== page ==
November 17, 2020 Playhouse (Movie Review)
Spoiler alert: when a tortured artist attempts to escape the darkness and turmoil of a ruined relationship by way of a haunted castle, nothing goes according to plan. It’s home sweet hell in Playhouse, which arrives to Digital/VOD in the US and Canada on Tuesday, November 17, 2020 via Devilworks.
Written and directed by brothers Fionn and Toby Watts (Dilemmas series short), Playhouse centers its story around Jack Travis (William Holstead: Christmas Presence 2018, The Burying Party 2018), an infamous Horror playwright. Having relocated himself and his daughter Bee (Grace Courtney: Holby City series, Lipstick short 2018) to an old Scottish castle by the sea, he begins to lose himself in the creation of his next masterpiece, an immersive, paranormal murder mystery. But as the writer progresses with his depiction of the bleak legend that surrounds his new home, something deep in the heart of the castle is awakened.
Playhouse also features the acting talents of Helen Mackay (Time Teens: The Beginning 2015, Such Is Life short 2017), James Rottger (Gary Tank Commander series, The Break series), Mathilde Darmady, Eilidh McLaughlin (GetMeLovedUp.com 2020), and Rebecca Calienda (Dead Unicorns 2019, The Lost 2020).
Huge on atmosphere and aesthetic, this Supernatural Thriller leans heavy on its setting to craft a film with deep homages to a time when stories were meant to worm into our souls and unsettle us, not make our butts jump out of our seats. From the cold stone walls of the castle to the foggy seascape to the frequent placement of gargoyle imagery, and even the evil that lurks in the walls, Playhouse is a Modern Gothic that uses its strengths to bolster a somewhat generic story. And while lovers of Horror and the supernatural have certainly witnessed many a film that sees its main characters’ psychologically devolving as they explore local lore and haunting history, this is an instance where location, cinematography (Andy Toovey: Only Child short 2016, Firmament short 2017), and a talented cast are able to make it work.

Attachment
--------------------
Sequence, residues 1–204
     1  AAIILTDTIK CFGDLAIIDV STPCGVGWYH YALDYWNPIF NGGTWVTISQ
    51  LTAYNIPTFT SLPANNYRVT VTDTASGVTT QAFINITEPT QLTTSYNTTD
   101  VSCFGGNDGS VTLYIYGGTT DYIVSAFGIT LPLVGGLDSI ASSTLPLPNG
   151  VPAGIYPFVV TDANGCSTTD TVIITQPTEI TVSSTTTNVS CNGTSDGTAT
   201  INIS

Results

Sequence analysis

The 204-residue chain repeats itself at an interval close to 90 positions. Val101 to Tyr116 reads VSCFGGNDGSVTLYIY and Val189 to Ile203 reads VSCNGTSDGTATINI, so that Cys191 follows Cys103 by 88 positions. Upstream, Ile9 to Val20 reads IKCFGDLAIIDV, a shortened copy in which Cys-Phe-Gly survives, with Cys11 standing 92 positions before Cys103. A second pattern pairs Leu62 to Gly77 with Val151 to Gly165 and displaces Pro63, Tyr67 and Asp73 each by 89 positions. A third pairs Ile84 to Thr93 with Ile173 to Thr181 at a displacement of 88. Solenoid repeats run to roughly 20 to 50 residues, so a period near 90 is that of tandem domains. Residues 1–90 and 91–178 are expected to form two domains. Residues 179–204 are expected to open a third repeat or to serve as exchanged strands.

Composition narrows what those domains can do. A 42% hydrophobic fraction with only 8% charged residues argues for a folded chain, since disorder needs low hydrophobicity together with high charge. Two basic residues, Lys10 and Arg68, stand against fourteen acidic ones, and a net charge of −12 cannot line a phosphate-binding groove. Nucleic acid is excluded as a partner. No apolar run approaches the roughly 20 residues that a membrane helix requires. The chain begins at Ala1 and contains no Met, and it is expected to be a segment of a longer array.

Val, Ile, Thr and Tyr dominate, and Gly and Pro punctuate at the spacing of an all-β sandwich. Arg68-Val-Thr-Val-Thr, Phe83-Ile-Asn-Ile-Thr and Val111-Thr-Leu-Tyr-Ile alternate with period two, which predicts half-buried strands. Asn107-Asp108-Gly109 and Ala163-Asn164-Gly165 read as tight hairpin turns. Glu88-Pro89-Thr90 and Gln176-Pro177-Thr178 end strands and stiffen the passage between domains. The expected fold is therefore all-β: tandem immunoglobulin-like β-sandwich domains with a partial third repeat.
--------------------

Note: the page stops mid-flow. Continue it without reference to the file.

Premiering in August 2020 at London’s Frightfest, as previously stated, Playhouse’s success is definitely aided by its superb cast. As Jack, Holstead delivers a meta performance, portraying a dramatic, theatrical personality who dives headfirst into his art. A lover of the strange and unusual, Holstead’s Jack is himself a bit peculiar and, as is literally stated, he’s “not afraid to go dark places.” Although the character feels part Jack Torrance, Holstead depicts his Jack with a Shakespearean grandeur and grace. Thanks to his larger than life delivery, Holstead literally lives and breathes the madness of his character’s work, reminding us that the theatrical and the written word are invariably intertwined. In this, the audience is left to ask if it is indeed the castle that is haunted or if these demons are ones that reside within the quirky creator?
Courtney’s Bee is a much more subtle character, though no less dramatic. At times reminiscent of Beetlejuice’s Lydia Deetz in her acceptance of the macabre, the actress’ portrayal is never cut and dry, and we are left to wonder much about the inner workings of Bee’s mind. Which, in this instance, works magically with the understated eeriness of the film, creating a sympathetic female lead who is highly affected by the whims of her creative father, as well as a victim of her parents’ divorce and her subsequent relocation. The proverbial outsider in many senses, Courtney’s Bee is the impetus that aligns each of the story’s individual cogs and moves us into supernatural territory.
With a languid but steady pace, at 86 minutes Playhouse never overstays its welcome. Utilizing its magnificent location—the historic 16th century Freswick Castle—to the utmost effect, particularly the eerily lovely stone spiral staircase, the film’s mood is as stormy as the North Sea. In fact, when one of the characters declares “something’s not right with the place,” you feel this like a cat’s claws tracing circles across the nape of your neck. Huge on goosebumps, it’s never terrifying or gory, instead going for an elevated and nuanced take on the Supernatural Thriller that has echoes of recent flicks like 2019’s The Village in the Woods.
As a feature length debut for the Watts Brothers, Playhouse promises magical things to come. So while this is not likely to be a film for everyone, its myriad elements work together to produce an enjoyable filmgoing experience that is beautiful to behold. For all of the above, Cryptic Rock gives Playhouse 4 of 5 stars.